The Murder of Fred Hampton

The Murder of Fred Hampton

DVD - 2007
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Mike Gray started out to make a film about the Black Panther Party, but on Dec. 4, 1969, the Chicago police raided a Panther apartment and his film became a documentary about the murder of Fred Hampton, chairman of the Illinois chapter of the Black Panther Party. The film footage of the raid directly contradicted the State Attorney's version of the raid and so filmmakers and Panthers came together to prove that Hampton had been the designated target of the violent, punitive raid. The film's inquiry pursues official spokesmen and traps them in their attempts at covering up an orchestrated assassination.
Publisher: Chicago, Ill. : Facets Multimedia, c2007
ISBN: 9781565805224
1565805224
Characteristics: 1 videodisc (88 min.) : sd., b&w ; 4 3/4 in
Alternative Title: Cicero March

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b
ba_library
Aug 26, 2018

Only gave this DVD 3 stars—if you know nothing about Fred Hampton you won’t learn much about him from this DVD. Fred Hampton was the chairman of the Illinois Black Panther Party (BPP). He was noted as an eloquent speaker for the party’s ideals. Hampton met his end in a shootout with the Chicago police (actually Hampton was in bed at the time). The DVD focuses on whether Hampton was murdered by the police. I thought this DVD could have benefited from some narration setting up and explaining the situation. Early on there are a number of people talking without any indication of who they are (I think it is primarily Hampton himself.) There is no reference to the FBI’s investigation into the BPP and Hoover’s obsession with the Black Panthers. The Black Panthers evolved in the 1960s advocating black identity after a long era of discrimination and repression in the United States. The BPP opted for a violent approach to their objective (heavily armed) which of course mitigated their political savvy and made them targets for law enforcement. Listening to Hampton praising Papa Doc in Haiti for his black nationalism comes across very dated since we know Papa Doc had a very repressive, totalitarism government, as well as BPP advocacy for a socialist, communist government versus the “white capitalist” structure in America. Seems a bit outdated and not well comprehended—is communism really the great egalitarian equalizer? Since we can look at the movement with hindsight we can form our own conclusions. Not sure if there is a good book or film about impact of the BPP. SPL does have a good DVD on the BPP made by PBS (titled The Black Panthers) but it doesn’t really address the impact of the movement. When we witness the quiet protests on the sidelines of the NFL today, we know the issues of race relations are still a major issue in the U.S.A today.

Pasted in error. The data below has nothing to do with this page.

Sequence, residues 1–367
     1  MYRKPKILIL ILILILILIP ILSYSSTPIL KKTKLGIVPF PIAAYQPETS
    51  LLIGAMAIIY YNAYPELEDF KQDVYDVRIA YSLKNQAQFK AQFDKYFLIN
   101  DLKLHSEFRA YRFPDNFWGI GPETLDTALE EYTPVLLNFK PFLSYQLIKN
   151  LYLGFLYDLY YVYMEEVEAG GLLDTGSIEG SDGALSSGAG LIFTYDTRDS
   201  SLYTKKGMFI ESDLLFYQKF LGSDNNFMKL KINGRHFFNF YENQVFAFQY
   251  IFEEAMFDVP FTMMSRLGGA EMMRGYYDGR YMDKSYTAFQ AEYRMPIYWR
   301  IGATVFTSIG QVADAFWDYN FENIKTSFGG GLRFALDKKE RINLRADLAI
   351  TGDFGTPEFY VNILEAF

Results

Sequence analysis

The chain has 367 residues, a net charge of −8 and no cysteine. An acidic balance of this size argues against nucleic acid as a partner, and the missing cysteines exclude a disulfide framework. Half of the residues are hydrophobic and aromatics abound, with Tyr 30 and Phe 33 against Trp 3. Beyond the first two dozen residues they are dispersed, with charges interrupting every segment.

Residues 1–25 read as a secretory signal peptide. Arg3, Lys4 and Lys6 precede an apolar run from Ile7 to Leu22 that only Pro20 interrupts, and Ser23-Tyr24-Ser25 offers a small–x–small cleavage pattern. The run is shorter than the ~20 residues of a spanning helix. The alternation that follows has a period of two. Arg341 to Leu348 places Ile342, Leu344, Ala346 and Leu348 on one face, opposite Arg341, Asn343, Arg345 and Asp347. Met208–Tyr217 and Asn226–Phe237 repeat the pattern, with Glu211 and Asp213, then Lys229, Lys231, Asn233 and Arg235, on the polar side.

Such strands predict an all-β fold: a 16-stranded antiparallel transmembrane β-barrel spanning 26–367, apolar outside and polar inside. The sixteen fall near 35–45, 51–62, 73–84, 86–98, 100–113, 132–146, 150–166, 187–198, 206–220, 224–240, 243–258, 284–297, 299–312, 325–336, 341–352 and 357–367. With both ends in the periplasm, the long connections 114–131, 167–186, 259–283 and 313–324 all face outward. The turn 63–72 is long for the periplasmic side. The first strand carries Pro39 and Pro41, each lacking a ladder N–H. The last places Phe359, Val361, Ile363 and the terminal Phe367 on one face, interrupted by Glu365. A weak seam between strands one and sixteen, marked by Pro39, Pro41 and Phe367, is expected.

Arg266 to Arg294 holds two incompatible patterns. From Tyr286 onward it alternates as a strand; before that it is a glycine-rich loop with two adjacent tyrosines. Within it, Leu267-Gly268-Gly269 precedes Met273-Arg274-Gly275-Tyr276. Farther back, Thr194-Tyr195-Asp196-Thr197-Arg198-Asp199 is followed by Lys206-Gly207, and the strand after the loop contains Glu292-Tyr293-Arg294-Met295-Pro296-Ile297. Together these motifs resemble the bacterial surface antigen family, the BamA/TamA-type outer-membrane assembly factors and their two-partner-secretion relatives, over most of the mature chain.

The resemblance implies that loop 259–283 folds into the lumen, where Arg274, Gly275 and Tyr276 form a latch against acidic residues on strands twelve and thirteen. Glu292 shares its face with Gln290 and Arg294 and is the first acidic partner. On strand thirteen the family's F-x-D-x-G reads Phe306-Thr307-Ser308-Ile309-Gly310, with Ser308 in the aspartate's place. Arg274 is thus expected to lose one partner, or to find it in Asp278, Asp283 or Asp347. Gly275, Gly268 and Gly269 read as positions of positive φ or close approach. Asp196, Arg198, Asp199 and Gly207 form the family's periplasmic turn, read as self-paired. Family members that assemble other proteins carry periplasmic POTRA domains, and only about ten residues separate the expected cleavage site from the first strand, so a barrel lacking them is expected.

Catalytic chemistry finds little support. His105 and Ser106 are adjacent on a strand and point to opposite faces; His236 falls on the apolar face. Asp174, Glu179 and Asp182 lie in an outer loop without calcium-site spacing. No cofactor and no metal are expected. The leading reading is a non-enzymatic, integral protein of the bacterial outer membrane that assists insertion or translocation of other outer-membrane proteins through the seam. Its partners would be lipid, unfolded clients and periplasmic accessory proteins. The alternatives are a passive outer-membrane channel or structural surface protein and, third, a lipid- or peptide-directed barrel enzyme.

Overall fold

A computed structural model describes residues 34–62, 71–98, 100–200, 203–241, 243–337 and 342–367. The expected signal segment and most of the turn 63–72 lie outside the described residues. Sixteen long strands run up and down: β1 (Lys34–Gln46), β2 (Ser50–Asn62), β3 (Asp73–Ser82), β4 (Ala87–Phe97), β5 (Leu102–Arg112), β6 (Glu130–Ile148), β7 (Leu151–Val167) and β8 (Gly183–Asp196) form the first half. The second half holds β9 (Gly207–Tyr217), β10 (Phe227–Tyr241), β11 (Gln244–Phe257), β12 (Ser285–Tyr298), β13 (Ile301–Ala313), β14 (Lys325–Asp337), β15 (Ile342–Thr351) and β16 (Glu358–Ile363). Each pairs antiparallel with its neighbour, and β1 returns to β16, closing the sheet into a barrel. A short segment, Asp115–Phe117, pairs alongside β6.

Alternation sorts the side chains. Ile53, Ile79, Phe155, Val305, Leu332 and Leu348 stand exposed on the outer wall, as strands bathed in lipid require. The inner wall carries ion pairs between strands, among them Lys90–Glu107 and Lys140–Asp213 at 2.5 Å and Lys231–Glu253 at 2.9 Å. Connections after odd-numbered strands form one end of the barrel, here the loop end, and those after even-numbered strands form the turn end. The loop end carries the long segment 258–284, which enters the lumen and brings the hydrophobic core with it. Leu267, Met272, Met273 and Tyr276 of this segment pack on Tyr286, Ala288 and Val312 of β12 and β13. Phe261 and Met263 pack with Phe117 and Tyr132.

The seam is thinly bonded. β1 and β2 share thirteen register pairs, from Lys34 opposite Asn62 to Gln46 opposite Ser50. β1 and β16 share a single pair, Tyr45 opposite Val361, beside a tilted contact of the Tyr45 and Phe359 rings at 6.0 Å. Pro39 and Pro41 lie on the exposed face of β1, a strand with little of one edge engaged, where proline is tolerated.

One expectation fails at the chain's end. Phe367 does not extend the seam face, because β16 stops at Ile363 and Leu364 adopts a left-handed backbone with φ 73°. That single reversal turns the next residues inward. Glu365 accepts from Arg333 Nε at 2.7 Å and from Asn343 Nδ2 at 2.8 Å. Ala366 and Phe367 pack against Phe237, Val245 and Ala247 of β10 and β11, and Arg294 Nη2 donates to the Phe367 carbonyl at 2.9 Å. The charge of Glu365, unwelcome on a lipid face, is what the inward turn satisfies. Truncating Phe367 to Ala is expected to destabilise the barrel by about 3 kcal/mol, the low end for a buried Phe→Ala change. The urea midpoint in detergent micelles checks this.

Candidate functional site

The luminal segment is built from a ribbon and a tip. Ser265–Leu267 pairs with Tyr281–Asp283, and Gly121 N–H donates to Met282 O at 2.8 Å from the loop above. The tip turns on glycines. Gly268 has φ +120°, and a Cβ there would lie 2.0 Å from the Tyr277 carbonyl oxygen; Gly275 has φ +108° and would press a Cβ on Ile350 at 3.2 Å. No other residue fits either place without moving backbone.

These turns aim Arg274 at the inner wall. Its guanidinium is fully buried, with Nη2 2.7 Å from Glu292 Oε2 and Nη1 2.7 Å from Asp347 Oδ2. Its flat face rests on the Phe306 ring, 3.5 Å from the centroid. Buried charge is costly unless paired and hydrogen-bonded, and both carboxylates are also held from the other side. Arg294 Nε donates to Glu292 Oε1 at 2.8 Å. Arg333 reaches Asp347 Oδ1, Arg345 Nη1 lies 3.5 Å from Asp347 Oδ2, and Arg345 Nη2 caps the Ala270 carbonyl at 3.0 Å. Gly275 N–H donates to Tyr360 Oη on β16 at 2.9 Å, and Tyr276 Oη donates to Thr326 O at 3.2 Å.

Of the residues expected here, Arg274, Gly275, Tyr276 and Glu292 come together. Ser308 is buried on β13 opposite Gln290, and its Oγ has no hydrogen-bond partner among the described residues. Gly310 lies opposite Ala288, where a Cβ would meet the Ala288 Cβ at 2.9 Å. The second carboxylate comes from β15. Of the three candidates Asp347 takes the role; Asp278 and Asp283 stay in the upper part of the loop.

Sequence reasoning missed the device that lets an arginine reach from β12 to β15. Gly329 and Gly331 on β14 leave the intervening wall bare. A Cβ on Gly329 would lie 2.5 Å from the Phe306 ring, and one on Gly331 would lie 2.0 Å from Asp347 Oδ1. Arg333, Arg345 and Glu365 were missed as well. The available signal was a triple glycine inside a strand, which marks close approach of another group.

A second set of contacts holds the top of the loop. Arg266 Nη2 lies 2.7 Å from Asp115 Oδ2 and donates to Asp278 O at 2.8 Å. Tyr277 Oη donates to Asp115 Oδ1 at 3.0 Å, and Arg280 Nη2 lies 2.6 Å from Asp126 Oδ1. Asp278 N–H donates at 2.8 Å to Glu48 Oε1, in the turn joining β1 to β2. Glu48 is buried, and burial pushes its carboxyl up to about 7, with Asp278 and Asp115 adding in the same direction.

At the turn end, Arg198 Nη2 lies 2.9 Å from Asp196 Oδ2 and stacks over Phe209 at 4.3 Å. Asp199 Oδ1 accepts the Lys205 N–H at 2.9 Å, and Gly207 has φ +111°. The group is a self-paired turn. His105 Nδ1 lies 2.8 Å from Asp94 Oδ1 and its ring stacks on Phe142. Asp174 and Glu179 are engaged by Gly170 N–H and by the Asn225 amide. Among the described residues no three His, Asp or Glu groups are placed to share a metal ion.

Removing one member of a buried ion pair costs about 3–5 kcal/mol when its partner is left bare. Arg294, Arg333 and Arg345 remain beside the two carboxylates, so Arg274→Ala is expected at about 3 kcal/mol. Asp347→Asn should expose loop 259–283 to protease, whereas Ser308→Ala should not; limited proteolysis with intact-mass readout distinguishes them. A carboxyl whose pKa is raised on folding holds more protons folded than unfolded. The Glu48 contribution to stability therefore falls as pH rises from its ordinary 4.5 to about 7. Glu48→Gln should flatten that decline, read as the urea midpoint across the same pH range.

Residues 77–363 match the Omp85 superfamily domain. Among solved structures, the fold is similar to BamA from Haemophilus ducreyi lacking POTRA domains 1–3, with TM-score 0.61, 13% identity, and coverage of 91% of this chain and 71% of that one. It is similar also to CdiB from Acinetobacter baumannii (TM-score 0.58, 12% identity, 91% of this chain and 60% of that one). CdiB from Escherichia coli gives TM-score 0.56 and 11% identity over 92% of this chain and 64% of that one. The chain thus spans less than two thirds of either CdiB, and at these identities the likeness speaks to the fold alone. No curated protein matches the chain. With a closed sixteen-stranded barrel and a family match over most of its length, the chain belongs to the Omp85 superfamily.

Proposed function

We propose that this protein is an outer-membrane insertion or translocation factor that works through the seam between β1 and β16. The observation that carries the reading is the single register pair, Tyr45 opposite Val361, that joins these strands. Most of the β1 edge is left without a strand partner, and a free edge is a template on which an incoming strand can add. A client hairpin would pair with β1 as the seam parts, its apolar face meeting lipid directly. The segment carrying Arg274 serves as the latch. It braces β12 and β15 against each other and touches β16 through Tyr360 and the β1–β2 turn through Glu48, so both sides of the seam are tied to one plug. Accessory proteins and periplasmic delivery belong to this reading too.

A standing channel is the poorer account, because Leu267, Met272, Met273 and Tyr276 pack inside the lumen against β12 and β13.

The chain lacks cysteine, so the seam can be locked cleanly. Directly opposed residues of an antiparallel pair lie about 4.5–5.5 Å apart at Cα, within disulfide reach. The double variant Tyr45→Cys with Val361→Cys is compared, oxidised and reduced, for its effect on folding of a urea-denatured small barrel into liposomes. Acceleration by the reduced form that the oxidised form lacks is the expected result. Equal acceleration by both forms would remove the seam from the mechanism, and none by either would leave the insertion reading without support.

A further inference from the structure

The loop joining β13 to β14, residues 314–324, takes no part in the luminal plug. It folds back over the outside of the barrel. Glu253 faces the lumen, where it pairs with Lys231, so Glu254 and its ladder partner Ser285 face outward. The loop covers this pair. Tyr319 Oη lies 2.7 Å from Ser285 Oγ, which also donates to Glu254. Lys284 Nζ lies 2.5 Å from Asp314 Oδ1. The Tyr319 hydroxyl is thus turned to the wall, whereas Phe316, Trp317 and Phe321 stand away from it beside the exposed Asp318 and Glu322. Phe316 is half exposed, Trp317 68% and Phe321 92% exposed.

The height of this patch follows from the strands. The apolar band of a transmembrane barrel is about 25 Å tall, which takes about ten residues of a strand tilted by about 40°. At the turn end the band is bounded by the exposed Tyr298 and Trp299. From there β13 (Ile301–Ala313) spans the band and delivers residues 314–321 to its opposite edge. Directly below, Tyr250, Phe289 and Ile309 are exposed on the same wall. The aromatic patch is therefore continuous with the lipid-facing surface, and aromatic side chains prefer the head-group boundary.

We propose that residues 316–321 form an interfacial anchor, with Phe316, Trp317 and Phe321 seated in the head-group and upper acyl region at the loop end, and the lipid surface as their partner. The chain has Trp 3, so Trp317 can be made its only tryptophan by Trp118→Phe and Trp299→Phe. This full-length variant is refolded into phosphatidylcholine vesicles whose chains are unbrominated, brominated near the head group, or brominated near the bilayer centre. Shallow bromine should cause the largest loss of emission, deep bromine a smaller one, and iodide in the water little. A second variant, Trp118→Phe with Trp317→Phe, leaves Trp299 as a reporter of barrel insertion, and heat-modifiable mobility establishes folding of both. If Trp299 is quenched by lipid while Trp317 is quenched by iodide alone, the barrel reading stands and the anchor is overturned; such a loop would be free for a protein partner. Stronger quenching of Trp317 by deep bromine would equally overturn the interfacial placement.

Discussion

v
voisjoe1_0
Aug 25, 2014

Mike Royko visited the apartment and wrote a full column on the shot-up apartment – He said that 99 shots came from the police and one shot came from inside the apartment and hit the ceiling. The police then fooled the Chicago Tribune into putting pictures on the front page with circles around supposed bullets in the door frame from the inside (towards the outside police). The Tribune then had to admit upon closer observation, the “bullets” were actually the nailheads holding the door frame, not bullets. Then the local news hour allowed the police to expound on their version of the raid in a mocked up apartment for 10 to 20 minutes without commercial interruption (unprecedented). Per Mike Royko, the whole 10 to 20 minutes was one big lie. Caught in lying about the killing, the leader of the raid, Hanrahan, had to drop out of the race for office. The Democrats, led by the older racist mayor Daley, had to scramble for a replacement against the Republican. They had only a day to get signatures, so they had city workers spend the day forging tens of thousands of signatures to get the Democratic replacement on the ballot. It idn't work, as the Black Democrats refused to vote for the killer party, so the Republican beat the Democrat in the election, a rarity in the Democratic controlled Cook County. Years later, the gov't settled for $1.85 million to the raid survivors.

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